The defeat of the League of Nations Covenant informed the United States drafters of the post-World War II United Nations Treaty.  Thus, Article 43, paragraph 3 of the document stipulates that signatory nations will make available to the United Nations Security Council (UNSC) armed forces to maintain international peace and security “in accordance with their respective constitutional processes.”  For the United States, that means a congressional declaration of war is necessary to commit the armed forces to fight under the banner of the UNSC.

Thus, President Harry Truman cabled Senator Kenneth McKellar during the Senate’s deliberations on the United Nations Treaty:  “When any such [Article 43] agreement or agreements [for the use of the United States armed forces] are negotiated it will be my purpose to ask Congress for appropriate legislation to approve them.”  The understanding that only Congress—not the President and Senate acting via a treaty-can commit the United States to war was reinforced by Section 6 of the United Nations Participation Act enacted on December 20, 1945. It authorizes the President to negotiate an agreement or agreements with the UNSC for the use of the armed forces of the United States “which shall be subject to the approval of the Congress by appropriate Act or joint resolution.”

NATO was negotiated in 1949 against this background and constitutional understanding of the war power.   Article 5 provides in relevant part:

“The Parties agree that an armed attack against one or more of them in Europe or North America shall be considered an attack against them all and consequently they agree that, if such an armed attack occurs, each of them, in exercise of the right of individual or collective self-defence recognised by Article 51 of the Charter of the United Nations, will assist the Party or Parties so attacked by taking forthwith, individually and in concert with the other Parties, such action as it deems necessary, including the use of armed force, to restore and maintain the security of the North Atlantic area.”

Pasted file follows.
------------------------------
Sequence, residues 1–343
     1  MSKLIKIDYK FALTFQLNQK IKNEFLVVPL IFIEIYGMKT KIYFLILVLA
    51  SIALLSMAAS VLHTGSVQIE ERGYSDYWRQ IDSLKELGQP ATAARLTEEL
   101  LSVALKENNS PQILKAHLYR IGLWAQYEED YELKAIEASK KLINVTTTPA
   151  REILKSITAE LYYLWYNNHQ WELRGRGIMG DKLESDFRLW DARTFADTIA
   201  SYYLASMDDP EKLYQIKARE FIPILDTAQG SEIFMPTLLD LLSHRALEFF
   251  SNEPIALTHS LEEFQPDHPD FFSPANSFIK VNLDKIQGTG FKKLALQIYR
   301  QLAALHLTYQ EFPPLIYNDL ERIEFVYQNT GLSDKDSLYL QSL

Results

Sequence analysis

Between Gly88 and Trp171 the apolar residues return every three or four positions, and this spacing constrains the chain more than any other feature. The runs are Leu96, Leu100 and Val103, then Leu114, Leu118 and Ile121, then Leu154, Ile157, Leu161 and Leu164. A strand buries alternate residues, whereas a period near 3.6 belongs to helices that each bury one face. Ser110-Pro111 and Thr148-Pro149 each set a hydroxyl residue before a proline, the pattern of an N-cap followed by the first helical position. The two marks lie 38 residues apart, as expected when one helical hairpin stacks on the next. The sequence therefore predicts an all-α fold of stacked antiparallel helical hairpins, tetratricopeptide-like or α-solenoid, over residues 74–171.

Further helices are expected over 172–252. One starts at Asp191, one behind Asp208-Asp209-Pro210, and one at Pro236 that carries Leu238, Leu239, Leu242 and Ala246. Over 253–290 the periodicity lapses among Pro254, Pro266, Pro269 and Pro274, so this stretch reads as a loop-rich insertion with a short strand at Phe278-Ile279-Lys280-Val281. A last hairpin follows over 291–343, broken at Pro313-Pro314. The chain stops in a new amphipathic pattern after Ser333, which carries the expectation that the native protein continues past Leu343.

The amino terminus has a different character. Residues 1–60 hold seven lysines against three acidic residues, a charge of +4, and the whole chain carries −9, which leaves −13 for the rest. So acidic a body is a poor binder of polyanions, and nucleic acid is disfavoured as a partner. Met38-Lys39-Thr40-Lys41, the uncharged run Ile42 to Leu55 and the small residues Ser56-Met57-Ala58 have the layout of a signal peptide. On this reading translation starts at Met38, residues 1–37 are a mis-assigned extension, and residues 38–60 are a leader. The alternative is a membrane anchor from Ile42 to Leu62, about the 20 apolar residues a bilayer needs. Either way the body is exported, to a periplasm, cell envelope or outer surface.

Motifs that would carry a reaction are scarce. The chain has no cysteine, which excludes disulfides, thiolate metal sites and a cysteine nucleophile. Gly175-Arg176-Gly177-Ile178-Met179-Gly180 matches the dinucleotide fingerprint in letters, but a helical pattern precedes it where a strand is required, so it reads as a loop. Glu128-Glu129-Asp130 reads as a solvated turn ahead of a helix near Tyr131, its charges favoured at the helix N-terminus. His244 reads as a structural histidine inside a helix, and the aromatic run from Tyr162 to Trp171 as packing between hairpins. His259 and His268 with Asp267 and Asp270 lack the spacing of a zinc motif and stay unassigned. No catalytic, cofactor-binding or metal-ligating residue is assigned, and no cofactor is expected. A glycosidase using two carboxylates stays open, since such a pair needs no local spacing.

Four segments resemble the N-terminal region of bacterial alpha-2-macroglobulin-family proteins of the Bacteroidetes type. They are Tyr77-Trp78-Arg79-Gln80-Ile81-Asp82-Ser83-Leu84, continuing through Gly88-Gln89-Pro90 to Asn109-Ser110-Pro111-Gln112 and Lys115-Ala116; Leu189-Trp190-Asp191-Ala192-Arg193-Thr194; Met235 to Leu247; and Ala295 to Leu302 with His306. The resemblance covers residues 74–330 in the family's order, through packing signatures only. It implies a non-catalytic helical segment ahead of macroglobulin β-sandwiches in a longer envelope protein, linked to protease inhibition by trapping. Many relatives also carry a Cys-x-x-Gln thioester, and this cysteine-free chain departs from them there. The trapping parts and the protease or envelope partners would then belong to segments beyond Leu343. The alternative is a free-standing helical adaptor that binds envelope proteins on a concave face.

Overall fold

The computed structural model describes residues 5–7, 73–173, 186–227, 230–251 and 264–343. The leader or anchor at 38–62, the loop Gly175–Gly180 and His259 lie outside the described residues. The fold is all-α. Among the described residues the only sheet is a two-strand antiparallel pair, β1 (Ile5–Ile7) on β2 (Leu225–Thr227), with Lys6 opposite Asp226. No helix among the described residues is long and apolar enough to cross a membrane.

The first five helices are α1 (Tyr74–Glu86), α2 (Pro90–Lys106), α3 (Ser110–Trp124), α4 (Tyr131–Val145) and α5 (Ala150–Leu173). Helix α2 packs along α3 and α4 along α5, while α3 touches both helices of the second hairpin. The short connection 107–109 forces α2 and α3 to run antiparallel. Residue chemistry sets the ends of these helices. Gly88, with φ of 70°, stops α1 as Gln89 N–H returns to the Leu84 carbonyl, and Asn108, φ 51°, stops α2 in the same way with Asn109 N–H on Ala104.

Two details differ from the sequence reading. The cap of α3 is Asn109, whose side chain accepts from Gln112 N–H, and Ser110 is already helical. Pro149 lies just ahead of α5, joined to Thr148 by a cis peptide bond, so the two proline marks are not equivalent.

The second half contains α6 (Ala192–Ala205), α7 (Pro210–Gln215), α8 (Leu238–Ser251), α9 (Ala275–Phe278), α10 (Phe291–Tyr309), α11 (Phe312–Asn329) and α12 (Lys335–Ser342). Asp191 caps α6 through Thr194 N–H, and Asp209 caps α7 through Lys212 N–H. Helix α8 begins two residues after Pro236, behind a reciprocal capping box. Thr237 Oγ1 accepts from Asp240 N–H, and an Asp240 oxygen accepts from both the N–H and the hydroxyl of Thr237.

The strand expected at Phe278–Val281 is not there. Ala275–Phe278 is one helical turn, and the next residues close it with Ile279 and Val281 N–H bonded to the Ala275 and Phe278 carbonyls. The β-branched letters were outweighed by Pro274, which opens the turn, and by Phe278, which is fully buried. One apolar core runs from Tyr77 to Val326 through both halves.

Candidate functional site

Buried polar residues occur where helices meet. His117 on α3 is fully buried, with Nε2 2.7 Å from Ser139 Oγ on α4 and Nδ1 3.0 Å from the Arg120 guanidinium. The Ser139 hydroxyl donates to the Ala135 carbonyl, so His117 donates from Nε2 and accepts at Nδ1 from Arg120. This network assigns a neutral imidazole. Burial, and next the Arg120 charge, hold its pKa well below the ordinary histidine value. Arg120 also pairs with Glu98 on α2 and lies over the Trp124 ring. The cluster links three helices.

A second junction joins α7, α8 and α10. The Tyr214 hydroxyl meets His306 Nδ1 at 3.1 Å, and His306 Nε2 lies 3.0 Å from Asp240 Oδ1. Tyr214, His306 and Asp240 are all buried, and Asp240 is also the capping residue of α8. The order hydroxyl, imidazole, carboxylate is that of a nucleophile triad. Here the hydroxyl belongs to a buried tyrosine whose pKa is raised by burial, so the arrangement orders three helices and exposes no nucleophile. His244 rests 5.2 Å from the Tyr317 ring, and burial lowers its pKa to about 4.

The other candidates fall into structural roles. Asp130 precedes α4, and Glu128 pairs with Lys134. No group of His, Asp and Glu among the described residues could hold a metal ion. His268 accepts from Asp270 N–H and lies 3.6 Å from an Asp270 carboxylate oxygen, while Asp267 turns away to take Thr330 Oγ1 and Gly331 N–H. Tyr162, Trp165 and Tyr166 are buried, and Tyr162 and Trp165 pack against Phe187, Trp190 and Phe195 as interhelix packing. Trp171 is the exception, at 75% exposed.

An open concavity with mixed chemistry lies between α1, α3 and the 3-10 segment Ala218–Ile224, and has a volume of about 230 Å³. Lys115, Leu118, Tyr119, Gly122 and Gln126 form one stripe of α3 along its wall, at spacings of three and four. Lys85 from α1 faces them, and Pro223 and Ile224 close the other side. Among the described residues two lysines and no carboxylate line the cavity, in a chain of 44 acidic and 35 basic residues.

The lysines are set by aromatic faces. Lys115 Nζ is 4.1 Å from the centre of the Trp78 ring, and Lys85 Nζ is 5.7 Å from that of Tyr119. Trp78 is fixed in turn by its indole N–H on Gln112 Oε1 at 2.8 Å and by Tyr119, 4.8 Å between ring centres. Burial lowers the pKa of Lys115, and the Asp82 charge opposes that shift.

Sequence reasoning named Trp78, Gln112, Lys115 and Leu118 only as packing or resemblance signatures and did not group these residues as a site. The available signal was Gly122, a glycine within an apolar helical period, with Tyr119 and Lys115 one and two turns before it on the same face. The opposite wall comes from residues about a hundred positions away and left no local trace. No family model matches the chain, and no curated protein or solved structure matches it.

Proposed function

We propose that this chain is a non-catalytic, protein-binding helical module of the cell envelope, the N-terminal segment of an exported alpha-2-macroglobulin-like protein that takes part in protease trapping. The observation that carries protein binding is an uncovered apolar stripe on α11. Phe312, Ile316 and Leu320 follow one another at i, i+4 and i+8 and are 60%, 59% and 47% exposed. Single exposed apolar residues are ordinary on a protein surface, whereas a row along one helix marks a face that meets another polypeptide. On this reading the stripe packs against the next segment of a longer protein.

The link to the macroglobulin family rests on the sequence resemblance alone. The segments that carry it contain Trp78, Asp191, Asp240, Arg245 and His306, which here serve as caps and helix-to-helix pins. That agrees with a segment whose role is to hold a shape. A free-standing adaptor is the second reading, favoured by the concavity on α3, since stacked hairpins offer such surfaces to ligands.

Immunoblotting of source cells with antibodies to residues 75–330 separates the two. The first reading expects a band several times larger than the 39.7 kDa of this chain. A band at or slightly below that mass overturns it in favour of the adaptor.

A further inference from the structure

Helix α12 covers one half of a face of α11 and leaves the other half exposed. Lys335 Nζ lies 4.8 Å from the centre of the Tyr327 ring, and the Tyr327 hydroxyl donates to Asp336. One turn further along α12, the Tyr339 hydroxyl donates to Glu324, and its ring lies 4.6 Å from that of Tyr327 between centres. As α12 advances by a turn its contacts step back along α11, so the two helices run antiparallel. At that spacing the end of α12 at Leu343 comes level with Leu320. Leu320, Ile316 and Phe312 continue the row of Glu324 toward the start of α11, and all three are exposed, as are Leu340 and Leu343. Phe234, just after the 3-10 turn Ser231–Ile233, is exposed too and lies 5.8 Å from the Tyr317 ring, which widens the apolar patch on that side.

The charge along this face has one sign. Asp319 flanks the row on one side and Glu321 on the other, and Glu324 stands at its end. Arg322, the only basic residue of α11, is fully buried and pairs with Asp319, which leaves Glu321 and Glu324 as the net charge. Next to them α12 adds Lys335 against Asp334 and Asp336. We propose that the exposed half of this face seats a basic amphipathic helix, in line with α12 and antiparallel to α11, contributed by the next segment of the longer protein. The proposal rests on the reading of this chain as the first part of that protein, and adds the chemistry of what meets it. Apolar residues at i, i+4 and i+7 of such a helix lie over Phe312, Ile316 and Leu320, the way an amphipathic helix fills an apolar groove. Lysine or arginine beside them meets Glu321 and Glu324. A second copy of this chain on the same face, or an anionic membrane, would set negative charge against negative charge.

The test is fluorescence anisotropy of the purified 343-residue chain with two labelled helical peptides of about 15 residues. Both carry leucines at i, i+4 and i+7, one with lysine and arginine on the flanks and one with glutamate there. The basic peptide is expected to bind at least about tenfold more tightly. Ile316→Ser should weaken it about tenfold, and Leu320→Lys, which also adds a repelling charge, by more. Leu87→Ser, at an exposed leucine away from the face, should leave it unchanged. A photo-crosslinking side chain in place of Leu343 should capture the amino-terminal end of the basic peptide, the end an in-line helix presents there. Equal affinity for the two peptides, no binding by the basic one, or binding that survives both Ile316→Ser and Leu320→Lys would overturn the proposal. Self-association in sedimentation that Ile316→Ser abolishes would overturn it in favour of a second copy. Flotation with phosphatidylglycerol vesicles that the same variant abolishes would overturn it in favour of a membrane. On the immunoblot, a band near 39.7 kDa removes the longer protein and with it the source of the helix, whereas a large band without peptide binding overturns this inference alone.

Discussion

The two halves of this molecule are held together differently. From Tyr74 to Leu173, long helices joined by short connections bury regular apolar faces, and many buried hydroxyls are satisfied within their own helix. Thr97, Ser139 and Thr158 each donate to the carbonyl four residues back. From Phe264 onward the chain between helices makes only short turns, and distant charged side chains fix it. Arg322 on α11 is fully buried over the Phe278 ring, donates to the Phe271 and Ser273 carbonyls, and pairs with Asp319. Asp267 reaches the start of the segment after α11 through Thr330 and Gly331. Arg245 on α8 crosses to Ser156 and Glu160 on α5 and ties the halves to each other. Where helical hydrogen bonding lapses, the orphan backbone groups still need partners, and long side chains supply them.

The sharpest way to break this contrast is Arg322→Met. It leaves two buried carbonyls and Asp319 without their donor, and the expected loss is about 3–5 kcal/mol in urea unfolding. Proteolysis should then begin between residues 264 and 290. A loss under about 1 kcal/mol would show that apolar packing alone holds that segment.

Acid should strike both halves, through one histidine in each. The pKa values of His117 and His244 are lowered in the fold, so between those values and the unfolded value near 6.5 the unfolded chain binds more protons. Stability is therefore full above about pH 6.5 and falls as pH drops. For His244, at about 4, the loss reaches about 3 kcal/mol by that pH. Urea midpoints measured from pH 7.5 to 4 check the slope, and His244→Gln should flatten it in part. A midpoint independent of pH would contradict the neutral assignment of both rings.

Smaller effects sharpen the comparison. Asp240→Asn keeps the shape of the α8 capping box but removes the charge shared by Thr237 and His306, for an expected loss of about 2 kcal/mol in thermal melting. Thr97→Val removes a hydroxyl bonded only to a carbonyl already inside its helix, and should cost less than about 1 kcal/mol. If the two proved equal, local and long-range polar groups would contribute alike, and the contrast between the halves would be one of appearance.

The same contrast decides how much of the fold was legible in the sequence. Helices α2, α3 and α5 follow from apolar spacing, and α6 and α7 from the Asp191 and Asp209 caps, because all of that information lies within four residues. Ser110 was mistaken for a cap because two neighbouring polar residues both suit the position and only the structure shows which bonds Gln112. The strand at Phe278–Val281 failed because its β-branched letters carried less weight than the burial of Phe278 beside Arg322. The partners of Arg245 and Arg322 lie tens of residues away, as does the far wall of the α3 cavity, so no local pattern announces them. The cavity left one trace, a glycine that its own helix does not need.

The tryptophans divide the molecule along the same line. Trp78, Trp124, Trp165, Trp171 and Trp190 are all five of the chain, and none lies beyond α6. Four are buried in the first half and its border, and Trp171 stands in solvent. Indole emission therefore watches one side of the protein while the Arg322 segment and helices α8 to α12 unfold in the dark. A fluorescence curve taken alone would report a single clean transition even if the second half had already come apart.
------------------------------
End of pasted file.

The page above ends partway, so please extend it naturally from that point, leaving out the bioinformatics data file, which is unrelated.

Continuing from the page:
But Article 11 of NATO, a direct descendant of Article 43, paragraph 3 of the United Nations Treaty, clarifies that any use of the armed forces by NATO parties in carrying out Article 5 must be in accord with their respective constitutional processes:   “…Treaty…provisions [shall be] carried out by the Parties in accordance with their respective constitutional processes.”  For the United States, that means Congress must enact a declaration of war before the President may employ the armed forces to defend a NATO Member from external aggression.  Article 5 is not and could not be made to be self-executing— even by amending NATO.  The United States Supreme Court held in Reid v. Covert (1956) that treaties are subordinate to the Constitution.  The Declare War Clause may not be circumvented by any treaty whatsoever.

But the common contemporary understanding of Article 5 of NATO in the United States is the opposite.  Our craving for world domination, aka world leader, in the aftermath of World War II has caused us to ignore or distort the plain meaning of words to accommodate the American Empire.  It began with President Truman’s Orwellian characterization of the Korean War as a “police action” to evade the Declare War Clause.  It has continued ever since.  Article 5 of NATO is only one of countless examples.